Congress Passes Adoption Promotion Act of 2003
On Friday, November 14th, the Senate passed the House version of The Adoption Promotion Act of 2003. The legislation extends the ASFA-created Adoption Incentive Program for another five years and focus greater attention on finding adoptive families for older children in foster care.
The bill authorizes $43 million per year in performance-based incentives to states that are successful in increasing the number of children adopted from foster care. The bonus program, first created as part of the Adoption and Safe Families Act of 1997, has contributed to the substantial increase in adoptions in recent years–from 31,000 in fiscal year 1997 to approximately 51,000 in fiscal year 2002.
Despite recent progress made, many more children are in need of adoptive families. At the end of fiscal year 2002, 532,698 children remained in foster care, and 116,653 of the children in foster care had adoption as their permanent placement goal. About half of the children waiting to be adopted are over the age of nine. Today, national data show that a child over the age of nine is more likely to remain in foster care through his or her 18th birthday than to find an adoptive home.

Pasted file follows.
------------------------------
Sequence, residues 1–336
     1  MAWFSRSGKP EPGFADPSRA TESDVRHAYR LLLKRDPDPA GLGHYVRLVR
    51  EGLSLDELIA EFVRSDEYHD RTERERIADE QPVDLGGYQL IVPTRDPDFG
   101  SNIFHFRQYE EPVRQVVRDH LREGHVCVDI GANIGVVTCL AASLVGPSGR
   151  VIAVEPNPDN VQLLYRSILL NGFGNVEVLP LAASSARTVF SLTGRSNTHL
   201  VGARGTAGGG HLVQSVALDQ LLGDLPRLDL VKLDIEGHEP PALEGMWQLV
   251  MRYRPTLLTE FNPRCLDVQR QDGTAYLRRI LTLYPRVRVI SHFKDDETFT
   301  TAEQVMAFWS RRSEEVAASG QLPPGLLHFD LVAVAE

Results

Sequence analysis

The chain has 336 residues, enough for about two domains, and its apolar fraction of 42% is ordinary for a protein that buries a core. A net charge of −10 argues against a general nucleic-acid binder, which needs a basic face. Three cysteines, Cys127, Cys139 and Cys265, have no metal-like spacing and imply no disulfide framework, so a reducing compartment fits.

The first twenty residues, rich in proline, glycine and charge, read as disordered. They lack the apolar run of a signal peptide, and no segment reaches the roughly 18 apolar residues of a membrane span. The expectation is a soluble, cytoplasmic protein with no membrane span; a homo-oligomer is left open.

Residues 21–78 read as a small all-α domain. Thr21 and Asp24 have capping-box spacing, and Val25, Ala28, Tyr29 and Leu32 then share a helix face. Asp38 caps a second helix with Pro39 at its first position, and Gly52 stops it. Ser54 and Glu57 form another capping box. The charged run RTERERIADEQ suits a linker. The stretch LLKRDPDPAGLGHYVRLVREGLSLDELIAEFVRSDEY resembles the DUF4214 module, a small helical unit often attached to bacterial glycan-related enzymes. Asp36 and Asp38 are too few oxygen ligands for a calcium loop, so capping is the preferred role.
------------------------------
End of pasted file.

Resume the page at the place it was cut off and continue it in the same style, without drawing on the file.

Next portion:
The Adoption Promotion Act of 2003 is intended to change that statistic by encouraging states to focus greater effort on finding adoptive families for children ages nine and older. Under the legislation the Adoption Incentive Program will now include a targeted bonus for states successful in increasing the number of older children adopted from foster care, as well as continue to recognize overall progress in increasing adoptions from foster care.
For a 2001 report on how the money was spent last time see A Carrot Among the Sticks: The Adoption Incentive Bonus